Taos Friction is a collaborative effort by Johnny I. Gallegos and Wes Edling, the limehosting.com webmasters and the former publisher and editor of Horse Fly, Bill Whaley. Whaley has been writing about Taos politics and cultural matters for ten years. Gallegos and Edling have long been committed to the wonders of Internet technology as a way of enlightening Taosenos, and creating opportunities for economic development. Further, Taos Friction is a site meant to entertain the cognoscenti of Taos, those who have some understanding of the cultural mores and a sense of humor—not itinerant or anonymous bloggers.

If you wish to submit a comment, you must have some method behind your madness. Email to bwhaley@newmex.com. The site is a work in progress and will evolve, according to its own logic. We invite politicos and their darlings to participate.

The Art of Politics in Taos is a many faceted, often Byzantine or complex practice, full of deviousness, scheming, and humor. Shockingly and occasionally, local politicos take actions that favor the public good. But the process is way more interesting than the product. As the current doyenne of art and politics in Taos has said, “If you don’t participate in northern New Mexico politics, you miss out on half the fun.” It is also exhausting.

As for cultural matters, we shall also post comments about art and literature, music and theatre, the press and technology or whatever else falls under this rubric. The current state of the Great Recession, really an historical condition in Taos, requires some ingenuity regarding economic and spiritual survival. We think the answer to survival can be found in the historic claims of the celebrated landscape and the patterns of the past. Given local beliefs in concepts like karma or the symbol of the Sacred Mountain, the Town’s current promotional blitz called “Return to Sacred Places” might have some validity—a kernel of truth–despite the obvious pandering. Everything is on the table.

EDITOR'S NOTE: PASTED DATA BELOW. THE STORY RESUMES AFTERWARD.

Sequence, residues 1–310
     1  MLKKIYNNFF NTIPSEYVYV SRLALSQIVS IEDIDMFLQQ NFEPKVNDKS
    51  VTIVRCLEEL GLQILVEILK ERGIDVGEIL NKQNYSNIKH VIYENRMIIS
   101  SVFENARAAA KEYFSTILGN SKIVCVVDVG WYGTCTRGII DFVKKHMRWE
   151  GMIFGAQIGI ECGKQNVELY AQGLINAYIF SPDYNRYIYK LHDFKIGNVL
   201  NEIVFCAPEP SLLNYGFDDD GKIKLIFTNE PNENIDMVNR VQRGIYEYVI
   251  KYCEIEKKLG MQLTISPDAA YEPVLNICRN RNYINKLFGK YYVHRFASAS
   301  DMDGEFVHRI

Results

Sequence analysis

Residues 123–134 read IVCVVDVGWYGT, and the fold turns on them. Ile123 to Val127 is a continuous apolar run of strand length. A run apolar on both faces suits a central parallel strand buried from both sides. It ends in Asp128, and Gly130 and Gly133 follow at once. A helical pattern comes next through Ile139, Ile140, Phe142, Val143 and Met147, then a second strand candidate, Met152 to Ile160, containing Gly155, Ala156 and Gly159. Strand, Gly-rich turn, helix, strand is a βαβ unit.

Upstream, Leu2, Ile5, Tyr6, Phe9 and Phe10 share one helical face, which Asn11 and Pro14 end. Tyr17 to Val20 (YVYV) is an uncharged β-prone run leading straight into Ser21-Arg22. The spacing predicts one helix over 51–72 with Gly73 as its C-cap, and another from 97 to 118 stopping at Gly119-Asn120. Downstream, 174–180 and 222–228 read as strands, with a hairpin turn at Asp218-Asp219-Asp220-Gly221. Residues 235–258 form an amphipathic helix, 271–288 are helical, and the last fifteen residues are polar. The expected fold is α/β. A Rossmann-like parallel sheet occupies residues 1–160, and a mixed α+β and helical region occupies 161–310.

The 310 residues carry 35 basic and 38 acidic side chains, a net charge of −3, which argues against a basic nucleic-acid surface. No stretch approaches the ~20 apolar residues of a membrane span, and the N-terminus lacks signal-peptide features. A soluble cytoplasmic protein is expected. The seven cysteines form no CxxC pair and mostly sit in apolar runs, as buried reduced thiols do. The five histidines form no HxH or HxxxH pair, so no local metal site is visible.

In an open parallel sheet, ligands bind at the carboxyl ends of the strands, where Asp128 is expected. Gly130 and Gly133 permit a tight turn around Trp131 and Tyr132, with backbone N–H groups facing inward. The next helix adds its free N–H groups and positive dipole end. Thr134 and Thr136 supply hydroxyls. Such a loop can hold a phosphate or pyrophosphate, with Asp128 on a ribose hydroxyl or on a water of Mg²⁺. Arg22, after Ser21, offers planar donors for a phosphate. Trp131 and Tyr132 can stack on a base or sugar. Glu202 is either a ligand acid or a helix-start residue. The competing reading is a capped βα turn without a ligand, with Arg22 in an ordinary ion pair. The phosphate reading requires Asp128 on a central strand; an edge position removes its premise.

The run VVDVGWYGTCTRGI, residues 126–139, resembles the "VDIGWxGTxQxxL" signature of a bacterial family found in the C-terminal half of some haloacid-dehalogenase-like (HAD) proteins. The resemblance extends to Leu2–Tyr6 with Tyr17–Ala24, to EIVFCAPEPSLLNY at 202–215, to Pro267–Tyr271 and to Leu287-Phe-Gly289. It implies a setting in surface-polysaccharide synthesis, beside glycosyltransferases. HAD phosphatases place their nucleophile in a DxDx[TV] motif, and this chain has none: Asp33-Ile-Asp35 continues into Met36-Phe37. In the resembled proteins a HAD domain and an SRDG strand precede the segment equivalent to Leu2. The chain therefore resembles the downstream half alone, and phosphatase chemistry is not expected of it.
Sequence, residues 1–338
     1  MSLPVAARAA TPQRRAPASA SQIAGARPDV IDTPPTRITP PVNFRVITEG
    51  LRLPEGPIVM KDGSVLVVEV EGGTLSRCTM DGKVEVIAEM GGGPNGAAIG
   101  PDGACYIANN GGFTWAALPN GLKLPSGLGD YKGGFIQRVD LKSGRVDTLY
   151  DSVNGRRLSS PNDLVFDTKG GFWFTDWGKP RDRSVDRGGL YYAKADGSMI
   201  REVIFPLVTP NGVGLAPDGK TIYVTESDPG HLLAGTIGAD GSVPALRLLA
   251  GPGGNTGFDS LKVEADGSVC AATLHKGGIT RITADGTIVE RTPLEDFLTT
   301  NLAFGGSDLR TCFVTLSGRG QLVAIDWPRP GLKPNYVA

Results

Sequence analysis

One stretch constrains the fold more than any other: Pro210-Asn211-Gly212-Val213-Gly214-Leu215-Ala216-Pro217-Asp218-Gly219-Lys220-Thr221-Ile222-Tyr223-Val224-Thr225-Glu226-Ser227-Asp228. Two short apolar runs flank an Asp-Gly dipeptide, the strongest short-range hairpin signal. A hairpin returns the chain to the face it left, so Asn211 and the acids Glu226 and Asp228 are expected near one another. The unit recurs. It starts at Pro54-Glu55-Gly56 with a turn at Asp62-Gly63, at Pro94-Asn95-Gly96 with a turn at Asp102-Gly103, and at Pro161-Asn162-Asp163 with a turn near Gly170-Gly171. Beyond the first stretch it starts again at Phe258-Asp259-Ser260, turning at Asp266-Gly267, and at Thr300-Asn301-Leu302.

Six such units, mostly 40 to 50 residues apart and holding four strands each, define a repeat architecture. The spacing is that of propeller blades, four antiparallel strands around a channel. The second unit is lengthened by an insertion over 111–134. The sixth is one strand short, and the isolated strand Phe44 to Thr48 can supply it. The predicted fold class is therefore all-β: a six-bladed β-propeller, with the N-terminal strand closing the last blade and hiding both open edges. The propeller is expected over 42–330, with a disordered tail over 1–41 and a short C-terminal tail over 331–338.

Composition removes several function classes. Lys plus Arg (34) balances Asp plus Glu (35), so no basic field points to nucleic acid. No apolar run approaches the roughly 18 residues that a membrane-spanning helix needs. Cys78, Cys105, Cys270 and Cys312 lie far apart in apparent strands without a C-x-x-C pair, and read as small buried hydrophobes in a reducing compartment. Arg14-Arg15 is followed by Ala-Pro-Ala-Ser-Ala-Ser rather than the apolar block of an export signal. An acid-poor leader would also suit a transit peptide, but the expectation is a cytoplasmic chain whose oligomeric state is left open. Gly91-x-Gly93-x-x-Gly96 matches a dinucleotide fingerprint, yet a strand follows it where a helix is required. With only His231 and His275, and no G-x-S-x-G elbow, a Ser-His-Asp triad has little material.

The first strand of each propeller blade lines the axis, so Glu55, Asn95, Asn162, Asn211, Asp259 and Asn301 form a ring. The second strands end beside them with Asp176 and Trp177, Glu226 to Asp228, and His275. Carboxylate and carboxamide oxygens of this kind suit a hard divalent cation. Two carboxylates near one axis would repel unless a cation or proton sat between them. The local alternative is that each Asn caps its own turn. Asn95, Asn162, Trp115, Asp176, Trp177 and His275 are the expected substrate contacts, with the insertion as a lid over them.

Due to all the fun and frustration, Taos Friction will walk a thin line between the civil and the absurd, the plain facts and their hyperbolic interpretation. Retaliation is a fact of life. Taosenos have increasingly turned to the legal system to punish their enemies. Consequently, we must turn to the classic forms of parody and satire, as well as the use of metaphor and irony as defense.

We want to revive the essay or letter as the form best suited to Taos Friction. Whether one sentence, one paragraph, or one document, a submission, should have a beginning, middle, and end. We hope and pray our correspondents and readers—the cognoscenti– possess some evidence of experience or knowledge or have access to the use of their imaginative faculties. Our project here can best be understood as a manifestation of those who think and feel his or her heart beat due to a passion for the subject. We are not like the itinerant professionals, who write for the press or declaim on radio, but we are, we hope, informed amateurs, who love this place and people while  finding Taos a subject worthy of discussion.